How To Get the Funk Out of Old Curtains and Rugs
Learn the best way to get odors caused by smoke, pets, mildew, mothballs, and more out of curtains, rugs, and other household textiles.
Rugs, curtains, and other fabrics pose special challenges in the quest to keep your home smelling fresh. These textiles accumulate odors over time, negatively impacting the way your home smells. Cigarette smoke, pets, mothballs, and mildew are just a few of the most common smelly offenders that permeate rugs, carpets, and upholstery. Whether you’re tackling your spring cleaning list, pulling a rug out of storage, or trying to remove a stench from that stylish estate sale purchase, you’ll want to find the best way to eliminate these unwanted smells. Note that many of the tips shared below for getting rid of odors on curtains and rugs can also help you keep carpets, upholstery, and other surfaces smelling fresh. Before cleaning curtains, rugs, or any other textiles, be sure to check the care label. If you’re not certain that a specific cleaner or cleaning method is safe to use, try spot cleaning, dry cleaning, or even hanging the smelly item outside to air out.
Cigarette smoke has a strong and distinct odor that can linger for a long time. While it can be difficult to get rid of smoke odors, all is not lost if your rugs or curtains smell like cigarettes. If the curtains or rugs are machine washable, run them through the machine at the highest temperature suggested on the care label, using ½ cup vinegar in place of detergent. Vinegar is acidic and can break down the odor-causing molecules from the smoke more effectively than laundry detergent. After the wash cycle, hang the curtains or rugs outside to dry. Drop off dry-clean-only items at your local cleaners, being sure to mention the smoke problem. If the smell persists after dry cleaning, hang the rugs or curtains outside for a day or so.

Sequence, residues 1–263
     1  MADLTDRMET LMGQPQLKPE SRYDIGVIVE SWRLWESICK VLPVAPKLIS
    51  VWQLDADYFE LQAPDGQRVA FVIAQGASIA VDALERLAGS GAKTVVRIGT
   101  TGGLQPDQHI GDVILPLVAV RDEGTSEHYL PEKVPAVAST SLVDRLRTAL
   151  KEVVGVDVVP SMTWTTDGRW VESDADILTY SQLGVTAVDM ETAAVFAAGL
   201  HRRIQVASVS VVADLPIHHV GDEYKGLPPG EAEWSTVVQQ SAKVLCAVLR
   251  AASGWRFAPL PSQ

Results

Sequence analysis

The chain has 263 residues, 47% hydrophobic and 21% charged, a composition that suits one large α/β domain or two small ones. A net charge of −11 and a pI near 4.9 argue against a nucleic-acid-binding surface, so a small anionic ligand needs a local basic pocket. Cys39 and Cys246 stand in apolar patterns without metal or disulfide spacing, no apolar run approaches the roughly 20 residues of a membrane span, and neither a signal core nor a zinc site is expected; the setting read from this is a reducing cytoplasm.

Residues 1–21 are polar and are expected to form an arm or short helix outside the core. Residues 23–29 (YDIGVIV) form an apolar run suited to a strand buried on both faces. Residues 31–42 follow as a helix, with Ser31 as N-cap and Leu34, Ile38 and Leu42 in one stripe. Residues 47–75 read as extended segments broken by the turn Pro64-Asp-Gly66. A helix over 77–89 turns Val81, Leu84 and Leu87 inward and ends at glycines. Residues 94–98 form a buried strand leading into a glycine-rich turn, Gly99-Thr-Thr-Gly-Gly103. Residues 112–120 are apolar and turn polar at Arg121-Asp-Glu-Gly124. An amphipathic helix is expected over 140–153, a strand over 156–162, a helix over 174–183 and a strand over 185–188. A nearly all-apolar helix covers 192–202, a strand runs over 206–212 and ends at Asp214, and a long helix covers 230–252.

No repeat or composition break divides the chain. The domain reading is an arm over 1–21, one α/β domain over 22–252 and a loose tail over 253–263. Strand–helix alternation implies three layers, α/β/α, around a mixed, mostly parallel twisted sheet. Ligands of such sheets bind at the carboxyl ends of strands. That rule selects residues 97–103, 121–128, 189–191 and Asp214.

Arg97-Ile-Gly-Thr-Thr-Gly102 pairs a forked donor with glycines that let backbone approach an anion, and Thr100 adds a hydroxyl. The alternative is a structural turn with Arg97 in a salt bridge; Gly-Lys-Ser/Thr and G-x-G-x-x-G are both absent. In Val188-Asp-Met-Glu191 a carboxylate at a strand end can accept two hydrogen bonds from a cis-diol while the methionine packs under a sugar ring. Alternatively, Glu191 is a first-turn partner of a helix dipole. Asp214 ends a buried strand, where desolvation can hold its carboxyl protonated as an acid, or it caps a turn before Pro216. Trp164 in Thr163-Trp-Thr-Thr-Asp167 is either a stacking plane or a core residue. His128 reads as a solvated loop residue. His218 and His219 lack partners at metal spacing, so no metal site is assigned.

If neither machine washing nor dry cleaning is an option, bring out the baking soda. This pantry staple absorbs odors rather than simply covering them up. Spread the smelly curtain or rug out on the floor, sprinkle it with baking soda, and leave it to sit overnight before vacuuming it the following morning.
For especially stubborn odors, try combining or repeating some of these methods. For instance, if the smell remains after a curtain has been washed and air-dried, try applying baking soda. If the baking soda doesn’t do the trick, try airing the item outside for a day or two. You’re more likely to succeed if you use all the options available to you.
Mildew is another unpleasant odor that can be tricky to get rid of. Before trying to remove the mildew smell from rugs or curtains, find and treat the source of the smell. If, for instance, you’re dealing with a mildewy rug that had been stored in the basement, track down the mildew and remove it using a diluted bleach solution to prevent the mildew from affecting other items.
Once you’ve treated the source of the problem, move on to treating the mildewy item. If it’s a curtain, rug, or other textile that is machine washable, try soaking it in an all-fabric bleach in the washing machine for 30 minutes or so. Then, drain the water, run a rinse cycle, and wash the load again with your regular detergent. Be sure not to use standard bleach on textiles.